Mining Publication: Analysis of Heat Loss Mechanisms for Mobile Tent-Type Refuge Alternatives

Original creation date: July 2017

Conference Proceedings - July 2017

NIOSHTIC2 Number: 20049268

2016 SME Annual Conference and Expo: The Future for Mining in a Data-Driven World, February 21-24, 2016, Phoenix, Arizona. Englewood, CO: Society for Mining, Metallurgy, and Exploration, Inc., 2016 Jul; :119-122

Federal regulations require that refuge alternatives (RAs) be located within 305 m (1,000 ft) of the working face and spaced at one-hour travel distances in the outby area in underground coal mines, in the event that miners cannot escape during a disaster. The Mine Safety and Health Administration mandates that RAs provide safe shelter and livable conditions for a minimum of 96 hours while maintaining the apparent temperature below 35 °C (95 °F). The U.S. National Institute for Occupational Safety and Health used a validated thermal simulation model to examine the mechanisms of heat loss from an RA to the ambient mine and the effect of mine strata composition on the final internal dry bulb temperature (DBT) for a mobile tent-type RA. The results of these studies show that 51 percent of the heat loss from the RA to the ambient mine is due to radiation and 31 percent to conduction. Three mine width and height configurations and four mine strata compositions were examined. The final DBT inside the RA after 96 hours varied by less than 1 °C (1.8 °F) for the three mine width/height configurations and by less than 2 °C (3.6 °F) for the four mine strata compositions.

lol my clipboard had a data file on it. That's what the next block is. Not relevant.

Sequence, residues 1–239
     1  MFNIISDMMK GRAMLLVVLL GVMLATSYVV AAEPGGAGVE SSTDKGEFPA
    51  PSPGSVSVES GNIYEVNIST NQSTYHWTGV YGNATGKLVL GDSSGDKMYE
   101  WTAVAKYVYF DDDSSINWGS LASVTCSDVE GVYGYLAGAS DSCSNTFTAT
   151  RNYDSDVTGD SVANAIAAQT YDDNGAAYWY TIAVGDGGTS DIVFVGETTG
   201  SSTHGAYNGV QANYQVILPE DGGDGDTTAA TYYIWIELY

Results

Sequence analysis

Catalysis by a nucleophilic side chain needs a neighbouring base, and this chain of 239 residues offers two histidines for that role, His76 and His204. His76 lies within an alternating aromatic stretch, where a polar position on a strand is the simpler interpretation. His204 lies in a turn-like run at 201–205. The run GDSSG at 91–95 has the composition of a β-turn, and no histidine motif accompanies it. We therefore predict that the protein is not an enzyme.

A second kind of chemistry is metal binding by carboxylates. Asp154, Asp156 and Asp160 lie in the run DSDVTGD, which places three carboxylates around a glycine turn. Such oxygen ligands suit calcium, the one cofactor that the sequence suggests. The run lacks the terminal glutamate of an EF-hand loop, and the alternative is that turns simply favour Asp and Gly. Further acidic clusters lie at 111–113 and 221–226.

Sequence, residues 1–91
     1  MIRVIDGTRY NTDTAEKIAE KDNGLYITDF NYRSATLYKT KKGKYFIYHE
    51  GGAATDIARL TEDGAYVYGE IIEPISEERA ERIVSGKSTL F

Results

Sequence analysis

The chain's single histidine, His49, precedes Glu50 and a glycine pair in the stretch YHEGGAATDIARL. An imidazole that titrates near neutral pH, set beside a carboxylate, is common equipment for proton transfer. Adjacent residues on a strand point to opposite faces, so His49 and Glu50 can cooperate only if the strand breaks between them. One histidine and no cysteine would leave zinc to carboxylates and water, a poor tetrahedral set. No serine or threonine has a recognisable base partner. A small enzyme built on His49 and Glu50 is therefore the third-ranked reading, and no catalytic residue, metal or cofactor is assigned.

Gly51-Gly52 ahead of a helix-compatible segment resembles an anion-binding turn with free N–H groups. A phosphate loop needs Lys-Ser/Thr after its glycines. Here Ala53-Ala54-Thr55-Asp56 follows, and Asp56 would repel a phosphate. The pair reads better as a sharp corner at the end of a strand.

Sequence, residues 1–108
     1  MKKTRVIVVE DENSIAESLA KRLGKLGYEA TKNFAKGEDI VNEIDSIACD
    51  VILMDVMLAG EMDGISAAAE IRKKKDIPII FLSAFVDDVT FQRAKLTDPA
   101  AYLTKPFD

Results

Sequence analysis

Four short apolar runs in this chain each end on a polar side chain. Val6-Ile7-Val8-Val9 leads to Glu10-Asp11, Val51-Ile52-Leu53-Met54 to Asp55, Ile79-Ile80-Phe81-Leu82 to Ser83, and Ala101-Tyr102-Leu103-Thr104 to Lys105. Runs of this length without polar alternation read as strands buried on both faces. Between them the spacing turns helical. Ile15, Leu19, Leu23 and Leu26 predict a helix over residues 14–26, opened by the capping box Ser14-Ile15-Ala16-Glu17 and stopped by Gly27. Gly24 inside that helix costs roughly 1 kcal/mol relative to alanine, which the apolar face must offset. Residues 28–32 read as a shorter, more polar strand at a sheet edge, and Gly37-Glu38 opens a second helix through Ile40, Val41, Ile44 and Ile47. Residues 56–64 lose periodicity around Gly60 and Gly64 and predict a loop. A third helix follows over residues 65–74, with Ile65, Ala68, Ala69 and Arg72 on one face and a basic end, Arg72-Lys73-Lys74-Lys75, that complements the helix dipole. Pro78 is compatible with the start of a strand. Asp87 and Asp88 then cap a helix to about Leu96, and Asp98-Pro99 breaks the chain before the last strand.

Authors: PT Bissert, DS Yantek, MD Klein, L Yan

Cover image for Analysis of Heat Loss Mechanisms for Mobile Tent-Type Refuge Alternatives
Conference Proceedings - July 2017

NIOSHTIC2 Number: 20049268

2016 SME Annual Conference and Expo: The Future for Mining in a Data-Driven World, February 21-24, 2016, Phoenix, Arizona. Englewood, CO: Society for Mining, Metallurgy, and Exploration, Inc., 2016 Jul; :119-122


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